Dynamical characteristics of reacting bluff body wakes
Emerson, Benjamin L.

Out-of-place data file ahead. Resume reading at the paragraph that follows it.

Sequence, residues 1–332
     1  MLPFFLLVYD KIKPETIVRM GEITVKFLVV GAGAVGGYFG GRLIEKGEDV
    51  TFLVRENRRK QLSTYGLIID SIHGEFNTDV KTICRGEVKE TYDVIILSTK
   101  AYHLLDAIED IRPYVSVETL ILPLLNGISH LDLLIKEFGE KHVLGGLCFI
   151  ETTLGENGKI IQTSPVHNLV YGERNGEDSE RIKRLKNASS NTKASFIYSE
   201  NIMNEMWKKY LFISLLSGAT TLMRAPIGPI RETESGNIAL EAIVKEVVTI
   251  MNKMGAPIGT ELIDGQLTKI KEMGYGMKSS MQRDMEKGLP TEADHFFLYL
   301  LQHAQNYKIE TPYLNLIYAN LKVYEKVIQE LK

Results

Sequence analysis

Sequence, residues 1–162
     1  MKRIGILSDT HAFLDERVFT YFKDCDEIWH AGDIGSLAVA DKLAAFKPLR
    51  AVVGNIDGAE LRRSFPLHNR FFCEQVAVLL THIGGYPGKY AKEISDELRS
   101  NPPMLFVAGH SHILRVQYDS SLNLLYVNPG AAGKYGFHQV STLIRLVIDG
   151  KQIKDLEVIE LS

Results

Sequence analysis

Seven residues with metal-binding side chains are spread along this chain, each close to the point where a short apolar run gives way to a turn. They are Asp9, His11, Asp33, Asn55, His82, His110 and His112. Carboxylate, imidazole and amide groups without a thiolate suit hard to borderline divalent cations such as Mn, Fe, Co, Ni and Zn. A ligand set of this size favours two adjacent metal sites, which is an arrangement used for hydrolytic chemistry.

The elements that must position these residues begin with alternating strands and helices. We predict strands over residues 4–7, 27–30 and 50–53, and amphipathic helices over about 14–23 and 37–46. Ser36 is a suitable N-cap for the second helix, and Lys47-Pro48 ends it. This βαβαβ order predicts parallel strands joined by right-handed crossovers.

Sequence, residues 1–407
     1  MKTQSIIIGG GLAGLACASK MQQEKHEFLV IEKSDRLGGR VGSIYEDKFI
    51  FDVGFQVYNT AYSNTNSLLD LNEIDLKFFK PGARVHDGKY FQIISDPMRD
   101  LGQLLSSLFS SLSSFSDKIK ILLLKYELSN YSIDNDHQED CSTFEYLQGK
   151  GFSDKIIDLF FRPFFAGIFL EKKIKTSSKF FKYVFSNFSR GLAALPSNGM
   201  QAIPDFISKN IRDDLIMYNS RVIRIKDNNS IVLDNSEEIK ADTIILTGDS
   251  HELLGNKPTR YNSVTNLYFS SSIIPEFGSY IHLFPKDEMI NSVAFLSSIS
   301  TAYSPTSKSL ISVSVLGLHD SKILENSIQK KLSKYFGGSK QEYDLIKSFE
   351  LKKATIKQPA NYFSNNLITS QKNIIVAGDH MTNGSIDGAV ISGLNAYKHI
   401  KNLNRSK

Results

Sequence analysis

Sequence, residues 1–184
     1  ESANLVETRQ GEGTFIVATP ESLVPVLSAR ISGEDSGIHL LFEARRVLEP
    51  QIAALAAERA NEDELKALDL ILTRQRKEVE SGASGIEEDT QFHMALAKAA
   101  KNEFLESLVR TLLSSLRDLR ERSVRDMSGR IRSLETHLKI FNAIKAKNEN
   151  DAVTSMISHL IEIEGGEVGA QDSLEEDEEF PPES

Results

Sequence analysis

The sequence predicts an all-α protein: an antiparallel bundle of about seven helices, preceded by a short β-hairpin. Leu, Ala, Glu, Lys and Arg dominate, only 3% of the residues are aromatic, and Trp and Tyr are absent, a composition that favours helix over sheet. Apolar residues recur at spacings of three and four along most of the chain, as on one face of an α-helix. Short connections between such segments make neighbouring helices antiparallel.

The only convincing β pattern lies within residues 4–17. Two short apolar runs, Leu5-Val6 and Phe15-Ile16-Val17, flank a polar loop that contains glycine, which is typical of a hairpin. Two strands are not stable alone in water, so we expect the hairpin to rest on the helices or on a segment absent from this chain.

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Combustion instability plagues the combustion community in a wide range of applications. This un-solved problem is especially prevalent and expensive in aerospace propulsion and ground power generation. The challenges associated with understanding and predicting combustion instability lie in the flame response to the acoustic field. One of the more complicated flame response mechanisms is the velocity coupled flame response, where the flame responds dynamically to the acoustic velocity as well as the vortically induced velocity field excited by the acoustics. This vortically induced, or hydrodynamic, velocity field holds critical importance to the flame response but is computationally expensive to predict, often requiring high fidelity CFD computations. Furthermore, its behavior can be a strong function of the numerous flow parameters that change over the operability map of a combustor. This research focuses on a nominally two dimensional bluff body combustor, which has rich hydrodynamic stability behavior with a manageable number of stability parameters. The work focuses first on experimentally characterizing the dynamical flow and flame behavior. Next, the research shifts focus toward hydrodynamic stability theory, using it to explain the physical phenomena observed in the experimental work. Additionally, the hydrodynamic stability work shows how the use of simple, model analysis can identify the important stability parameters and elucidate their governing physical roles. Finally, the research explores the forced response of the flow and flame while systematically varying the underlying hydrodynamic stability characteristics. In the case of longitudinal combustion instability of highly preheated bluff body combustors, it shows that conditions where an acoustic mode frequency equals the hydrodynamic global mode frequency are not especially dangerous from a combustion instability standpoint, and may actually have a reduced heat release response. This demonstrates the very non-intuitive role that the natural hydrodynamic flow stability plays in the forced heat release response of the flame. For the fluid mechanics community, this work contributes to the detailed understanding of both unforced and forced bluff body combustor dynamics, and shows how each is influenced by the underlying hydrodynamics. In particular, it emphasizes the role of the density-shear layer offset, and shows how its extreme sensitivity leads to complicated flow dynamics. For the flow-combustor community as a whole, the work reviews a pre-existing method to obtain the important flow stability parameters, and demonstrates a novel way to link those parameters to the governing flow physics. For the combustion instability community, this thesis emphasizes the importance of the hydrodynamic stability characteristics of the flow, and concludes by offering a paradigm for consideration of the hydrodynamics in a combustion instability problem.